I’m not a chess player.
While I like the idea of the game, I’ve never invested the time into the game. But time and again, it’s used as trope, well, everywhere, and I’ve been wondering if it’s a lack of sophistication on my part, so I sought out to understand the game a little more. Maybe my lack of skill in the game is because I’m not thinking about it in the right away.
In a cursory Google search, I did encounter some interesting ideas. One person talks about knowing the right questions to ask and understanding the arena. Beyond the squares and the abilities of individual pieces, there’s a language to describe gameplay. I ended up watching an analysis of a game by Grandmaster Maurice Ashley, and it soon became clear that I didn’t even know the basics of chess.
But then I did pursued another avenue more directly related to the idea of chess as an abstraction for conflict. Did you know that it can be traced back to the ancient Indian game Chaturanga? That was interesting to me because I immediately recognized it as a pose in yoga. It means “divided into four parts,” but I guess it was also used to describe the Indian army. Brings new context to a rather peaceful exercise. Anyway, I quickly found someone who debunks the whole “chess is war” metaphor since it’s an information perfect game, where as in war, one is faced with information uncertainty. That was 2012.
It turns out that researchers have been on top of this for a long time. In a Guardian article from 2004, they describe Swedish and Australian scientists who were, at the time, figuring out how to leverage it to inform military strategy. Not the game as it is, but variations on the game:
But neither group is studying standard games. By modifying key variables, such as the number of moves allowed each turn, or whether one player can see all of the other’s pieces, they are investigating the relative importance of a host of factors that translate to the battlefield, such as numerical superiority, a quick advance and the use of stealth.
One major difference between chess and war is that chess does not contain what the military terms “information uncertainty”. Unlike a battle commander, who may have incomplete intelligence about his opponent’s level of weaponry or location of munitions depots, one chess player can always see the other’s pieces, and note their every move. So Kuylenstierna and his colleagues asked players to compete with a board each and an opaque screen between them. A game leader transferred each player’s moves to the other’s board – but not always instantaneously. For instance, one game modification resulted in a player being prevented from seeing their opponent’s latest two moves.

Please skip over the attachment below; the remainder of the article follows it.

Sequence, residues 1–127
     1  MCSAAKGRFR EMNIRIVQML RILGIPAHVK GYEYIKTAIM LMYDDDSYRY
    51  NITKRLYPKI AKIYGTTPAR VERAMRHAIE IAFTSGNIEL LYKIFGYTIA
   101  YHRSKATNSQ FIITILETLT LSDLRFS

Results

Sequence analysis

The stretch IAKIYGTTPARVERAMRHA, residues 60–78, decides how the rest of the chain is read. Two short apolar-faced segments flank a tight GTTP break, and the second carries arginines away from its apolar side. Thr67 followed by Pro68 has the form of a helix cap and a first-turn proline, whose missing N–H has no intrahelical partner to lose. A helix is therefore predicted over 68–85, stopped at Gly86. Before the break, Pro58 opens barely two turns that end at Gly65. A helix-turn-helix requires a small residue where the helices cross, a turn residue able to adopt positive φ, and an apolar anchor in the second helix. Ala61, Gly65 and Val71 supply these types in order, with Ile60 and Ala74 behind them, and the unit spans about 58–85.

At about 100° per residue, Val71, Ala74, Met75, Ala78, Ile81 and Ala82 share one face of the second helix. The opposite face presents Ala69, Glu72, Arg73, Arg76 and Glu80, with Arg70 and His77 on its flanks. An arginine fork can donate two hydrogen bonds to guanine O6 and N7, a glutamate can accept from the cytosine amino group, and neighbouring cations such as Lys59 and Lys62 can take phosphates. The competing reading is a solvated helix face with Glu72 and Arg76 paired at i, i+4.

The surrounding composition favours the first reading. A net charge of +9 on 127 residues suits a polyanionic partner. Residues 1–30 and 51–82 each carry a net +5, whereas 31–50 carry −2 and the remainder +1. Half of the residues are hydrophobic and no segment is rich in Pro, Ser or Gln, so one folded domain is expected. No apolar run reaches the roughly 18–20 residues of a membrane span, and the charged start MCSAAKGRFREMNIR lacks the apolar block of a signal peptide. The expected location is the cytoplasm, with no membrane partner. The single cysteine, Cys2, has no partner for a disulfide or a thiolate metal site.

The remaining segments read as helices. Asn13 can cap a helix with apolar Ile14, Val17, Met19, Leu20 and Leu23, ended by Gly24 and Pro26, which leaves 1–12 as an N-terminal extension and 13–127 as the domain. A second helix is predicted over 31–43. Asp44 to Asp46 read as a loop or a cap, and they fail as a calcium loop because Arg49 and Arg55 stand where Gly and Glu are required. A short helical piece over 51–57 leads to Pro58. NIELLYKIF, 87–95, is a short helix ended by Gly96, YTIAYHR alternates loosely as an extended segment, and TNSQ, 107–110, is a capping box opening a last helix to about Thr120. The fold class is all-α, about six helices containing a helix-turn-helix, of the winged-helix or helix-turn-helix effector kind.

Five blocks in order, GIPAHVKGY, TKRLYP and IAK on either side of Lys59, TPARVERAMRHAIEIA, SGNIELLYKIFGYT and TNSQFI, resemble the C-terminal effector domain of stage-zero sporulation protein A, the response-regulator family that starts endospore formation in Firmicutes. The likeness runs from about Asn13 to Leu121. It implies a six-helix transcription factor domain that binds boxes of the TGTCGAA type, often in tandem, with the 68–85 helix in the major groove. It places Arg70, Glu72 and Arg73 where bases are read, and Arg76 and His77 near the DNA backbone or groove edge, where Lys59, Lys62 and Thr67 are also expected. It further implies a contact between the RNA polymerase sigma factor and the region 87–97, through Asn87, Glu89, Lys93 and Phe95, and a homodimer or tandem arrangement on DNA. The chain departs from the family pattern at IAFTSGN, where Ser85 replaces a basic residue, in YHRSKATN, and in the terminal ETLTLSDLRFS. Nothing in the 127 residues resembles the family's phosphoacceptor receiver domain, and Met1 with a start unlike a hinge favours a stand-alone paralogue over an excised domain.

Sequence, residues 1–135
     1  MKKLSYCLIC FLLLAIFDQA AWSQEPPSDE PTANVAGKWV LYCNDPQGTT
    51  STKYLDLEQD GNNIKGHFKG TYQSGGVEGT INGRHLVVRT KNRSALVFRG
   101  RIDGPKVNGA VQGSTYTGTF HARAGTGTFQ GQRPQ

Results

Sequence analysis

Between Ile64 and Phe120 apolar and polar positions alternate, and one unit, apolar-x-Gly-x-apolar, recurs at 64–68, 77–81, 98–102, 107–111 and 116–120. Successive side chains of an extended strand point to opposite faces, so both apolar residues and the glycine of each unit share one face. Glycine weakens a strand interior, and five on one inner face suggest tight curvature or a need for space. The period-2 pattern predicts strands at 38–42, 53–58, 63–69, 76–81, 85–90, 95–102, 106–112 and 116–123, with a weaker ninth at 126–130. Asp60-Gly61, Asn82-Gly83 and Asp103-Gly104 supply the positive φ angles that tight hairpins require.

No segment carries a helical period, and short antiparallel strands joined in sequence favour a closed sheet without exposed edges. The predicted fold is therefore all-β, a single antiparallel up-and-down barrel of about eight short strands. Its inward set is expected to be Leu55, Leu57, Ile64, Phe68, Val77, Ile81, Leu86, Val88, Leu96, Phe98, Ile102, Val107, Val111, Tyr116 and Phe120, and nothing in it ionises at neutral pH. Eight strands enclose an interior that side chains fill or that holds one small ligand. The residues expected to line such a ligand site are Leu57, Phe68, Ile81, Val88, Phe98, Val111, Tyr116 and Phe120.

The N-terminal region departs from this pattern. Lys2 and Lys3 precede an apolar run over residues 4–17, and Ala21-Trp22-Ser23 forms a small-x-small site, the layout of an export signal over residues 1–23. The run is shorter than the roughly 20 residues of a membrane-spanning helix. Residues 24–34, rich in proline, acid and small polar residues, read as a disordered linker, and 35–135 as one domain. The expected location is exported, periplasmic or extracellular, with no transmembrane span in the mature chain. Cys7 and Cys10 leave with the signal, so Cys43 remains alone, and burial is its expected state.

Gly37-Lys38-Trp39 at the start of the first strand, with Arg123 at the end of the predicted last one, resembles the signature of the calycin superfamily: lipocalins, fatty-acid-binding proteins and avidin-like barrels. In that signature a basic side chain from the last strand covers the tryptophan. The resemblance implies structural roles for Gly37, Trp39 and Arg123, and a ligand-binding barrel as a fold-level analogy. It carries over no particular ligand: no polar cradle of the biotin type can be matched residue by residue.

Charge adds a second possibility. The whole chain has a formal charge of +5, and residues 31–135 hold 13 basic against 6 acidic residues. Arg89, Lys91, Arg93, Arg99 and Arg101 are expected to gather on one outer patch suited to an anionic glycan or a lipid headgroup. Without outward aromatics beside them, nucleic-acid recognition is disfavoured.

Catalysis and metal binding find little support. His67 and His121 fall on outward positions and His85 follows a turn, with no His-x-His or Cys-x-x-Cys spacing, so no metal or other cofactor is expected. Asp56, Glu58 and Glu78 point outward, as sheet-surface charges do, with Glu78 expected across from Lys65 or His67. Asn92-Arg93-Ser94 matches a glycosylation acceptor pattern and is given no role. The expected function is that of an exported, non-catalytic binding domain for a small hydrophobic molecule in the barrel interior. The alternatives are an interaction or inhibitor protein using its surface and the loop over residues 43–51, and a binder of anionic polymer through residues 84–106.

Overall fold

These games, and other variations on regular play, led the team to a clear conclusion: being stronger and having more “battlespace information” than your opponent are both less valuable when there is little information available overall to both sides – but the advantage of a fast pace remains. “The value of information superiority is strongly tempered by uncertainty, whereas the value of superior tempo is much less affected,” says Kuylenstierna.
You can read more about how they rewrote the chess software and virtual player agents to play thousands of games for statistical analysis, but I had a little thought experiment for what one of these “information imperfect” variations might look like between two players. In their description of the simulation, the board was updated every turn or sometimes every two turns. I have changed that rule in my version.
Need to Know Chess
# of Players
2, and a 3rd to be an intermediary
2 full chess sets
a physical divide
a pair of dice
Each player takes their turn like normal. At the beginning of each turn, player rolls a die. If they roll a 4 or higher, they’re allowed to take two moves instead of one.
A person, or I suppose it could be a software program that both players input their moves (just their own), monitors both boards.
At the end of each round, the position of the piece (or pieces) would only be revealed when two opposing pieces are within two spaces of each other (one space in between, including diagonally), and only the type of piece and a range of three squares is revealed. If the piece lands on another, regardless of intention, the same rules as in regular chess applies. The passive piece is removed.
When the King is captured (not checkmated)
As I was writing out these rules, it occurred to me that the complete opposite of chess might be Battleship, in which you have absolutely no information until you actually make contact with a ship. In some of the articles and pop culture references I saw, people seem to like to think of poker as the more accurate analogy. In any case, if someone plays this (or a version of this), let me know!